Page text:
The appearance of legendary North Melbourne administrator Ron Joseph on Fox Footy's 'Open Mike' program has served only to highlight the divisions currently bedevilling the Kangaroos.
Joseph, the long-time secretary at the Kangas who helped to assemble the drought-breaking 1975 premiership team, told Mike Sheahan he felt the spirit of the club had been allowed to evaporate over the past decade. He said the Shinboner Spirit, the working-class moniker which came to define the club, had been allowed to wither on the vine. Now, he said, the club lacked an identity.
Joseph, it should be said, represents the old North Melbourne, where deals got done, star players were recruited and success was achieved -- in spite of the club's always parlous financial state.
Brad Scott arrived at the club at the end of 2009, when the coach, among the first things he did, tried to rid the club of its 'Shinboner' image that, he said, had negative, downtrodden connotations.
"It's battling against the odds," he said at the time. "And we can't have that because our players, our new draftees, come into the club thinking that and we are starting behind the eight-ball. We have to change that."
But in dismantling that working-class ethos, many fear the club has lost its link to its battlers' support base in the inner north and west.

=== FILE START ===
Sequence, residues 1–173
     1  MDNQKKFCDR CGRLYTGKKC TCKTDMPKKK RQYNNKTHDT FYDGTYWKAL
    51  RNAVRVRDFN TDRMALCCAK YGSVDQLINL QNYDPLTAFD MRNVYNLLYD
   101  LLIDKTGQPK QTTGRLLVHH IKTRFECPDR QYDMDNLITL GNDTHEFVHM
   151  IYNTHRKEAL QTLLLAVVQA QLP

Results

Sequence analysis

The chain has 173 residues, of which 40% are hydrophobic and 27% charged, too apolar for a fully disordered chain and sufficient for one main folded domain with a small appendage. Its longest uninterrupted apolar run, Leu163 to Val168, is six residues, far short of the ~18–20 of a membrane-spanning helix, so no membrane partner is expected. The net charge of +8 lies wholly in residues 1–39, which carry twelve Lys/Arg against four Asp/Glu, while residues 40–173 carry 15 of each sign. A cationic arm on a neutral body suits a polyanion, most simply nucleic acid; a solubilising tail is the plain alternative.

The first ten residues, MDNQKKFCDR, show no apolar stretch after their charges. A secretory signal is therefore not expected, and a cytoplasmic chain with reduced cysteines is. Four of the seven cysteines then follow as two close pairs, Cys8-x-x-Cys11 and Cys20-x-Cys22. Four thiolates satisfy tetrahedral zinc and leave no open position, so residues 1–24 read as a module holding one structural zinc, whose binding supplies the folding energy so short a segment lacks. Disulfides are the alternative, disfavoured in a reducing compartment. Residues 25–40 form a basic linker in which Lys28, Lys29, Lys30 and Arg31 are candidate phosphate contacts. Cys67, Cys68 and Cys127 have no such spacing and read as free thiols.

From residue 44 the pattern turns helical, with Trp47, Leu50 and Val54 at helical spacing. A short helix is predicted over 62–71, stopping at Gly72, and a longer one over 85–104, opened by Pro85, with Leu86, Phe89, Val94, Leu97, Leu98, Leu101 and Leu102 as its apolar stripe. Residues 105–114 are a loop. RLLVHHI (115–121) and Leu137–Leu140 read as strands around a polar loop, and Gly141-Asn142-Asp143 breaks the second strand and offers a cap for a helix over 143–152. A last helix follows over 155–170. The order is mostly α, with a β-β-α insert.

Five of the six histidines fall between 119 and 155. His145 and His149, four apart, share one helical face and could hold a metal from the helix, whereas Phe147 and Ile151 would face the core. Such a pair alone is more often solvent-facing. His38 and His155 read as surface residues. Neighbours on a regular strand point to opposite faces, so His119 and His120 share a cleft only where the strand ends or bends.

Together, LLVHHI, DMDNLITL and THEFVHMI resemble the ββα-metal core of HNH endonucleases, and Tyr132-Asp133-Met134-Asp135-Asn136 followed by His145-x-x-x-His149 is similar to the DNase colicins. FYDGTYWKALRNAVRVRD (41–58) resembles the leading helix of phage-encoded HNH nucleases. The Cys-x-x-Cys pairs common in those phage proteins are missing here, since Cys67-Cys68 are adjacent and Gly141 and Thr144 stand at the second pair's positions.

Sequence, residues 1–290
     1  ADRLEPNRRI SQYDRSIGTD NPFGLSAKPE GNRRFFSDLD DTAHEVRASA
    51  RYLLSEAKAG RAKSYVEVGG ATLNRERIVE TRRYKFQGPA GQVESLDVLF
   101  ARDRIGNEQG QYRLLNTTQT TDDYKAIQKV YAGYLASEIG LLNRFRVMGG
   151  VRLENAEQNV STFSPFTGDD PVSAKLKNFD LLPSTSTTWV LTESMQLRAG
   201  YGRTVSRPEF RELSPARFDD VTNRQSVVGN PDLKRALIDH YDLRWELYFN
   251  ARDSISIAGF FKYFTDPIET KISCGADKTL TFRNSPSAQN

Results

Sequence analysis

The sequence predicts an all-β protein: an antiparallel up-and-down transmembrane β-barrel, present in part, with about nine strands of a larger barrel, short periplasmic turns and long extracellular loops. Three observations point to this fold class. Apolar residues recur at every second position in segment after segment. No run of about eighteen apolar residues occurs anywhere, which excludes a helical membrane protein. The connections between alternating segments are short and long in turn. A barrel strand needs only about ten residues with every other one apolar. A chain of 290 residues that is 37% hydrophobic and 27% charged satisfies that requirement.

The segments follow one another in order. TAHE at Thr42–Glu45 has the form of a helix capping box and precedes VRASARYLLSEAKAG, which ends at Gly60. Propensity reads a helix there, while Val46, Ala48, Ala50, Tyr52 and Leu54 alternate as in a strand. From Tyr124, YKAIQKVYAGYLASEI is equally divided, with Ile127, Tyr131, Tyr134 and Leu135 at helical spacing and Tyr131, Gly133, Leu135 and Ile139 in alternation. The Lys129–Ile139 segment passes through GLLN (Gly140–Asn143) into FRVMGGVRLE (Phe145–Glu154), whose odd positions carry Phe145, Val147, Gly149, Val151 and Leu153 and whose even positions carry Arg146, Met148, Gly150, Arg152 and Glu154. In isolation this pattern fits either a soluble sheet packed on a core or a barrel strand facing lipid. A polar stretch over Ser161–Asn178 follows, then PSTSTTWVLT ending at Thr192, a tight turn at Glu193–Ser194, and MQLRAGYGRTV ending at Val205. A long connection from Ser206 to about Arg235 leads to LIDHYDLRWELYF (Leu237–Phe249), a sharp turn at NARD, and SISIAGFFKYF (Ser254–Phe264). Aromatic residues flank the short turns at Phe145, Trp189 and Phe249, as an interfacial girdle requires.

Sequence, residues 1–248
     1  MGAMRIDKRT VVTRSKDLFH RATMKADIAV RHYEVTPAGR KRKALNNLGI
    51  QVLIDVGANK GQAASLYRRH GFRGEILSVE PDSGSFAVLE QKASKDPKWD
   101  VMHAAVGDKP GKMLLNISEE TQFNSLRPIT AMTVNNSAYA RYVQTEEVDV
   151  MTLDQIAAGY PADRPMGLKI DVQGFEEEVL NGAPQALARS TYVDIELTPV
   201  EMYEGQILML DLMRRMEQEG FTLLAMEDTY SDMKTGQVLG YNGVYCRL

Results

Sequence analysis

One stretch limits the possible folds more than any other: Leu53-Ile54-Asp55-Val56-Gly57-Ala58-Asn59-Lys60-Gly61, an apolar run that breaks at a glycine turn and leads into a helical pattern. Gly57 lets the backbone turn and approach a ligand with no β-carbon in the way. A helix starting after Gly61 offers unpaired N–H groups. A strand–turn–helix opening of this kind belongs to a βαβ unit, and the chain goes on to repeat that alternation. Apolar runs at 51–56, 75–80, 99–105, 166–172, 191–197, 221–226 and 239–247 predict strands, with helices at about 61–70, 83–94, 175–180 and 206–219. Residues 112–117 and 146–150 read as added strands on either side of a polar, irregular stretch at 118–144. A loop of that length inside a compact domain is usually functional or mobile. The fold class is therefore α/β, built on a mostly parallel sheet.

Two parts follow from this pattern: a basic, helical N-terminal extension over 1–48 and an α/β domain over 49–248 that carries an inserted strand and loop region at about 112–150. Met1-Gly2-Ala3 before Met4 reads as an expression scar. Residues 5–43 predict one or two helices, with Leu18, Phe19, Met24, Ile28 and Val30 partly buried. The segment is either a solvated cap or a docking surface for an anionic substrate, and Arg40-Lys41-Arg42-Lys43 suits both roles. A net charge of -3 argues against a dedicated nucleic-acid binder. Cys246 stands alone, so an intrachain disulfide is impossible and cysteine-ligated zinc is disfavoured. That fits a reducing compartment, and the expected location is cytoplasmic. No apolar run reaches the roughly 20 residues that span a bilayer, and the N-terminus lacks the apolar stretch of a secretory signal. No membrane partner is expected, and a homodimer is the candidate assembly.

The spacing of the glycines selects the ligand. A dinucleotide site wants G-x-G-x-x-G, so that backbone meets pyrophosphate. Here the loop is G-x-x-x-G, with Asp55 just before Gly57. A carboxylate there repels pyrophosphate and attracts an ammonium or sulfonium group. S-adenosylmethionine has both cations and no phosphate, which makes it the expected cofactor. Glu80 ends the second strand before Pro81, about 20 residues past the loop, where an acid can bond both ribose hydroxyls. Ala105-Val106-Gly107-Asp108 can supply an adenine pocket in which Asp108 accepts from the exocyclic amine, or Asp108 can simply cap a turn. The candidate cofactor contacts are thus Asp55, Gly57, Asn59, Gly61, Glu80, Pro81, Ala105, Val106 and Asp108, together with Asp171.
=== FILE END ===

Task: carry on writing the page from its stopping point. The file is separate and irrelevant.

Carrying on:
Joseph's views were echoed this week by another old-time and much-respected Kangaroos identity, who told ESPN: "The soul of the club is disappearing. It is now a vanilla environment full of professional people who don't have the same love and connection with the club as we had when Ron, and Albert Mantello and Allen Aylett and Barry Cheatley ran the place."
As ESPN indicated last month, there is a split at board level about the merits of retaining Scott for another season. He is contracted to the club till the end of 2018.
Scott undoubtedly has his supporters and can point to successive preliminary finals appearances -- with less-than-stellar line-ups -- as testament to his coaching ability.
But new president Ben Buckley (who succeeded James Brayshaw, an avowed Scott fan) and prominent board member Glenn Archer are believed to be among those who would not be unhappy to see Scott accept a senior job elsewhere, if one happened to be offered to him - by Gold Coast, for example.
But they don't want to have to sack the coach, and pay him out $700,000 or so, money the club can ill afford to lose.
Archer is believed to have opposed the recent contract extension offered to Scott, threatening all sorts of dire consequences to his fellow directors (they weren't sure if he was joking or not) if the club had to pay Scott out of his contract.
Watching this situation play out at Arden St will be one of the most fascinating off-field stories of the coming months.